In this first article I’d like to briefly describe what attachment is. Broadly speaking, “attachment” generally refers to a connection between you and another person or something else. Informally, people talk about being “attached” to a person, pet, place, or thing. More specifically, attachment refers to an enduring emotional tie between two people. It is based on an emotional tie and grounded in trust and built upon a history of shared experiences (in technical terms, concordant inter-subjectivity is experience in which emotion, attention, and intention are shared and congruent).
In technical terms, we can describe the attachment system, attachment behavior, and patterns of attachment. Let’s look at each of these for a moment.
Attachment System: The Attachment System is a biologically-based system that evolved to ensure the survival of the human infant. Essentially it is a “proximity-seeking” system. When an infant or child or person is threatened in some manner, the attachment system is activated and attachment behaviors exhibited. In some respects, the attachment system is like your home heating/cooling system. If everything is fine, the system is not in evident operation. Only when the temperature gets too hot or cold, does the system turn on. So too, only when the person’s sense of safety and security is threatened is the attachment system “turned on” and attachment behaviors activated. When the person is threatened, the person then seeks proximity to a preferred other. For infants and children, that “preferred other” will be the primary caregiver. One’s primary attachment figure can change over time. For example, if you were in a car accident, probably the first person you’d call, as a teenager, would be your primary caregiver (parent, grandparent, etc). As an adult, the first person you call might be your significant other or partner.
Attachment Behavior: Attachment behavior is proximity-seeking behavior. A young child may run to their parent, a young adult may call their parent or significant other. Seeking proximity to a preferred “other” leads to the person feeling safe, secure, protected. As the person’s emotions become regulated, the attachment system is deactivated and the person can “get on with life.” In a toddler, that is seen as the ebb and flow between the child exploring the area and playing and returning to the parent to “refuel.”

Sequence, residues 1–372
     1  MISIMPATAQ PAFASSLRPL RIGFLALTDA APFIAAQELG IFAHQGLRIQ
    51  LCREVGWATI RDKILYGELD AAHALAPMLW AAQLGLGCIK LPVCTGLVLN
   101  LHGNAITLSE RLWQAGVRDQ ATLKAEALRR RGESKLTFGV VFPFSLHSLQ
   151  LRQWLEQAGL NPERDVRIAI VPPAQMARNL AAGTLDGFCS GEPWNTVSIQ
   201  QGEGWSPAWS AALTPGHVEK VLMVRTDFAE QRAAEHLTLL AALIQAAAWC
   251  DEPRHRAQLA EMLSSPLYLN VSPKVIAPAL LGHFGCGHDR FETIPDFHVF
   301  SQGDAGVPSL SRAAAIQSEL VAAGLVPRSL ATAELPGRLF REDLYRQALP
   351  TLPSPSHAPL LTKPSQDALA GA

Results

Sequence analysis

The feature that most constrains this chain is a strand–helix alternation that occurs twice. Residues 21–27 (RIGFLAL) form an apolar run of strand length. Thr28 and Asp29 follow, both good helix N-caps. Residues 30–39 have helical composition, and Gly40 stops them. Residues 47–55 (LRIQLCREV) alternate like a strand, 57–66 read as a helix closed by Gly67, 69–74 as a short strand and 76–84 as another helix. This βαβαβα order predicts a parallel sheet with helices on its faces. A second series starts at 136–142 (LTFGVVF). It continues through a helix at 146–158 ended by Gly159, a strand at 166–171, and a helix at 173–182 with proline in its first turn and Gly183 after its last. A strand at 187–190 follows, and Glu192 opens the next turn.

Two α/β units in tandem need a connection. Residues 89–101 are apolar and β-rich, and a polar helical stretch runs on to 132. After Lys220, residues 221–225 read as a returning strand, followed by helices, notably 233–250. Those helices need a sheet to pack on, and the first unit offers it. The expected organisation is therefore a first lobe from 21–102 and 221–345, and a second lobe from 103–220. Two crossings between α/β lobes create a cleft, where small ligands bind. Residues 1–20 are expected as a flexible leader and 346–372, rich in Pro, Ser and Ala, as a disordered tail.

Patterns of Attachment: There are several different patterns of attachment. These are not mental health diagnoses. The terms are descriptions of the pattern or manner in which the person manages and negotiates intimate and close relationships. Infants and toddlers may have different patterns of attachment with different caregivers. Around age three to five years the pattern becomes “crystallized,” and the person will show primarily one pattern of attachment across all relationships. There are four patterns generally described in research literature. These are: Secure (or earned secure), two insecure patterns (for children: Ambivalent and Avoidant, for adults the corresponding insecure types are Preoccupied and Dismissing), and Disorganized.
In my next article, I will describe each of these patterns in detail with examples of children and adults exhibiting each pattern. You may also want to look at the related articles about Dyadic Developmental Psychotherapy.
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